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Ways to teach yourself physics?

  1. Sep 14, 2011 #1
    I was wondering if anyone knew of good books/ online resources to learn physics without a formal course. Thanks a ton!
  2. jcsd
  3. Sep 14, 2011 #2


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    Staff: Mentor

  4. Sep 14, 2011 #3
    This will never fail you, it has worked perfect for me and I always recommend it to everyone.

    1) Familiarize with the material before the lecture. MUST take detailed notes!
    2) Look for any loop holes in your understanding during the lecture/online resource
    3) Go home and practice lots of problems !

    So far, lectures to me are almost pointless because I study the material thoroughly beforehand. You can easily self-study using 1 & 3.

    For number one:

    - Make sure your notes are organized
    - Learn the material thoroughly as you take down notes
    - Follow through concepts VERY SLOWLY
    - Follow the concepts with a pencil and paper in hand, this isn't biology.
    - Almost nothing should be memorized. You should aim for complete understanding of why equations or concepts are the way they are.

    For number three:

    - DON'T undermine the power of practicing problems! You can take notes for every chapter yet understand very little.
    - Do as many practice problems as possible. I would wager 1/3 - 1/2 the problems should suffice for a good understanding.
    - Use Cramster.com, its a great source! But don't cheat yourself out of it.

    That's about it, I broke everything down in a notes-type fashion. You should be doing the same for your chapters. ^.^
  5. Sep 14, 2011 #4
    I'd be less concerned about obtaining the necessary resources. I'd be more concerned with how are you going to put in 8 hours a day for several years without any outside motivation. That's what it takes to learn physics, and I'd say it takes an extremely rare borderline sick person to pull it off.
  6. Sep 14, 2011 #5
  7. Sep 14, 2011 #6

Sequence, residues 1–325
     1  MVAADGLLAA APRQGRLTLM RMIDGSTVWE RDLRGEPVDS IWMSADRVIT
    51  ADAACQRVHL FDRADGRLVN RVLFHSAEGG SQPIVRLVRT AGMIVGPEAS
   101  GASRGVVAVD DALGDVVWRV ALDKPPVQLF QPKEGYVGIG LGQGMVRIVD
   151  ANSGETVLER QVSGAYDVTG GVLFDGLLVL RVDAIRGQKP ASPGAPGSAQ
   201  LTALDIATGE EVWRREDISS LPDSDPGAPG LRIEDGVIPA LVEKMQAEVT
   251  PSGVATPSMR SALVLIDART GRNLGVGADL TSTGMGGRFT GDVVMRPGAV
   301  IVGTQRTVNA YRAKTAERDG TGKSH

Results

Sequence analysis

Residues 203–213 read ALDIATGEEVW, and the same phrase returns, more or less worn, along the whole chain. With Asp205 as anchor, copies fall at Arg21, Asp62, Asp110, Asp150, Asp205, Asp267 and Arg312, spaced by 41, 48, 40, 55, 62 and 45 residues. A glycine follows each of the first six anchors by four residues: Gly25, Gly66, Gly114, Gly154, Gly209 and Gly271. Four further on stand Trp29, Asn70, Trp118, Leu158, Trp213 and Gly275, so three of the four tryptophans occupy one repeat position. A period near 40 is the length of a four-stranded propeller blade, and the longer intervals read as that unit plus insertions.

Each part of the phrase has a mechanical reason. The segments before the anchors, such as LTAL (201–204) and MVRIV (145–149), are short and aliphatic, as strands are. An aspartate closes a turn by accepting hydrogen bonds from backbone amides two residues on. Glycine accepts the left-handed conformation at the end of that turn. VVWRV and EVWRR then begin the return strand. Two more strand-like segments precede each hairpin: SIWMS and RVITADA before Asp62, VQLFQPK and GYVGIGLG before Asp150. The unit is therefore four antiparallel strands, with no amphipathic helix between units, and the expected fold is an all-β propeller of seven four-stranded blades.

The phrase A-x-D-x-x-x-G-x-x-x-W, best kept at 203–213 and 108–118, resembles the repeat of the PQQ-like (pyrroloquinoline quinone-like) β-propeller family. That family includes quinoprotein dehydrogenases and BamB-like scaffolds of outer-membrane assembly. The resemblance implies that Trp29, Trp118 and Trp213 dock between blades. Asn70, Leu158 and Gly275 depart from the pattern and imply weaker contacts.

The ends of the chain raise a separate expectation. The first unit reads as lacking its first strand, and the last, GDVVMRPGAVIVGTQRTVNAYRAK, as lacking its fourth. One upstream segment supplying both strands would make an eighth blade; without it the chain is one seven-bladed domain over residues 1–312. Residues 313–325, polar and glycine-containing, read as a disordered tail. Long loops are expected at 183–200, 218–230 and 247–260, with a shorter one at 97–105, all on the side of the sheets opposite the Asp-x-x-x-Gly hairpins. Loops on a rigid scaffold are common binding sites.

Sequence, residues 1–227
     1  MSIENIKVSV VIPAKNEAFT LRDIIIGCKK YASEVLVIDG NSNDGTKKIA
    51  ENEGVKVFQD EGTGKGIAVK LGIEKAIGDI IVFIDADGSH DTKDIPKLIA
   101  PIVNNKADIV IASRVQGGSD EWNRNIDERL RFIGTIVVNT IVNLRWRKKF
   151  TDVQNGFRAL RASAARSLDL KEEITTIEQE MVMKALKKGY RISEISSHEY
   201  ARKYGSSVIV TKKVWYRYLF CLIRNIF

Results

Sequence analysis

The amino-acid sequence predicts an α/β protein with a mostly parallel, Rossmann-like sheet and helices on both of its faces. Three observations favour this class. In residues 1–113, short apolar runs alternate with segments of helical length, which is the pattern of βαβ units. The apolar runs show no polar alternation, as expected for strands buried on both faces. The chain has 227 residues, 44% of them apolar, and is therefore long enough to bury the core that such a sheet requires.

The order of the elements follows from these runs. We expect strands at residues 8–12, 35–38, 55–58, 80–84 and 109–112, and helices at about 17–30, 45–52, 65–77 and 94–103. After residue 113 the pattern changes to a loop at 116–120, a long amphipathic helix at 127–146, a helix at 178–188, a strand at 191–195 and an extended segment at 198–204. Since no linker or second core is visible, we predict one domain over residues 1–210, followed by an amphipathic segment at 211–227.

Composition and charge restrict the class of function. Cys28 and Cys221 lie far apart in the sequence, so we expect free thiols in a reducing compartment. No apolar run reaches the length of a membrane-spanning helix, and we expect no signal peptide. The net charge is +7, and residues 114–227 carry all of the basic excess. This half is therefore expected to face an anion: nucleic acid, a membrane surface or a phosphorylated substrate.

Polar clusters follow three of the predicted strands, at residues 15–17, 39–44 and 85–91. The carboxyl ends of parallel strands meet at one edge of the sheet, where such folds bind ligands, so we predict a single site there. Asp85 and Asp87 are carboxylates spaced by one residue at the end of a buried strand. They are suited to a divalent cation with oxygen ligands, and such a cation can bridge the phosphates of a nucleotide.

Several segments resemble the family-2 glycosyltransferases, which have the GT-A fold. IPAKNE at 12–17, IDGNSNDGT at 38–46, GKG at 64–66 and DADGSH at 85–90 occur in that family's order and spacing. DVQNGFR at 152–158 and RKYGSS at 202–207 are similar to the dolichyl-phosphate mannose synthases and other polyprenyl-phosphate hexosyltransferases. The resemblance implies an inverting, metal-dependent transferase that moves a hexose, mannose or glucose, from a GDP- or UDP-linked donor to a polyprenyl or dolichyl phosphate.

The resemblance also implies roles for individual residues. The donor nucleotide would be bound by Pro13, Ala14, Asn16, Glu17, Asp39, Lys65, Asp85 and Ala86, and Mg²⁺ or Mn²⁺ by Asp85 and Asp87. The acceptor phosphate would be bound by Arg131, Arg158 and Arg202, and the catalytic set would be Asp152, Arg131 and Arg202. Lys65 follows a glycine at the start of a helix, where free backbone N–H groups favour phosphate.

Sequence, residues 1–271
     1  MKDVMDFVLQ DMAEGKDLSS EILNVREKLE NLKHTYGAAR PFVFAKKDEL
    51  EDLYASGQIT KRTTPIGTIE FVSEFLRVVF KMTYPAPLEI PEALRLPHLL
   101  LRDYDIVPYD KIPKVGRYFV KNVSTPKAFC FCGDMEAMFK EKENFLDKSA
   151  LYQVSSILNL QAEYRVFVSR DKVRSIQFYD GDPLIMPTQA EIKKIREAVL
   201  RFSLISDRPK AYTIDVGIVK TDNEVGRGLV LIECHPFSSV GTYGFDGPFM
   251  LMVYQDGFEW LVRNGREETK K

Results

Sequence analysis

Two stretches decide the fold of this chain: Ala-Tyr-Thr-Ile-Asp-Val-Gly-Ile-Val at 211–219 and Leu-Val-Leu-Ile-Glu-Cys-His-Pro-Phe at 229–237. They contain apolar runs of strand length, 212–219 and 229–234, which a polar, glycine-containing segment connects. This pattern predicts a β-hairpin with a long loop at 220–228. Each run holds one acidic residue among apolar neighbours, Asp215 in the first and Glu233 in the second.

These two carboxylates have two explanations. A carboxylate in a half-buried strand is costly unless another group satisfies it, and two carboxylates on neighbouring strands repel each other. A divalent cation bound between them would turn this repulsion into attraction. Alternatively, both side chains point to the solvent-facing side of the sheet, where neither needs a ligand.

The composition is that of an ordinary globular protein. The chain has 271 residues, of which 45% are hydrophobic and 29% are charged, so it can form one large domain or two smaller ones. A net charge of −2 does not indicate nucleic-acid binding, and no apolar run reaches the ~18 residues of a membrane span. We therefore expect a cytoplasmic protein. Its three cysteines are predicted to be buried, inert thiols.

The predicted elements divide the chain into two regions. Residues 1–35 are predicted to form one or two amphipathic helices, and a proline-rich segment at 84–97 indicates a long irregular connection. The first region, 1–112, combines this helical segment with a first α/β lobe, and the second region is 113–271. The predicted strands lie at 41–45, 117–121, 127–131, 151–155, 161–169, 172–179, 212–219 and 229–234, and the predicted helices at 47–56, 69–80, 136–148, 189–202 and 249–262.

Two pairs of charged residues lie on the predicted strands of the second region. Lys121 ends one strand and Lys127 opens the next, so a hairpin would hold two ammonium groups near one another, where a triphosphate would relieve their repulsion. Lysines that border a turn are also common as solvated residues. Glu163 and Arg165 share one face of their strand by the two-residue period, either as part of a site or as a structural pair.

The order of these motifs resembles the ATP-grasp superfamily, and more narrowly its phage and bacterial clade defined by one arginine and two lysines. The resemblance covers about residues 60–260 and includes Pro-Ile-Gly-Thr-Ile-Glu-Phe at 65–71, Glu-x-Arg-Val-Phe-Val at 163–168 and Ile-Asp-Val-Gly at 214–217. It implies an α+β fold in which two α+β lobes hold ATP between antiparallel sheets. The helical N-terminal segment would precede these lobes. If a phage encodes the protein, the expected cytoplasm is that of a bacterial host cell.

I'm assuming you trying to learn introductory physics?
  8. Sep 14, 2011 #7
    I believe this is a very important point that can't be stressed enough. You can read the books and do problems and have a good idea what is going on. But chances are you will have (& should have) questions that arise when learning something new. Even if it seems like a small step and you are tempted to not worry about it, it is a good idea to try and figure it out. Not necessarily right away, but make a note to look at it later. It is in answering these sometimes simple questions that I find myself tying everything together and having that "ah ha!" moment of understanding.
  9. Sep 21, 2011 #8
    Buy Friedmans physics book start with chapter 1. it'll take you a year but you will become familiar with physics then.
  10. Sep 21, 2011 #9
    Just ask questions to yourselfs about the things that are happening around you in everyday life, then google them. Trust me google is a far more better source of informal knoledge than books.
  11. Sep 21, 2011 #10
    how can a person google about something he knows nothing about.

    the best book ive seen on physics is Young and Freedmans University Physics with Modern Physics.
  12. Sep 21, 2011 #11
    Just ask questions to yourselfs about the things this guy is saying. :rofl:

    Jokes aside, that would be better for some layman knowledge towards philosophy, biology, or something of the sort. I don't know about studying physics, its more mathematically inclined to just look things up randomly.
    Last edited: Sep 21, 2011
  13. Sep 22, 2011 #12

    Ah sound advice. This is very much what I want to do. One of the reasons is that there are in-class tests every week for two of my courses D:. Jezzz
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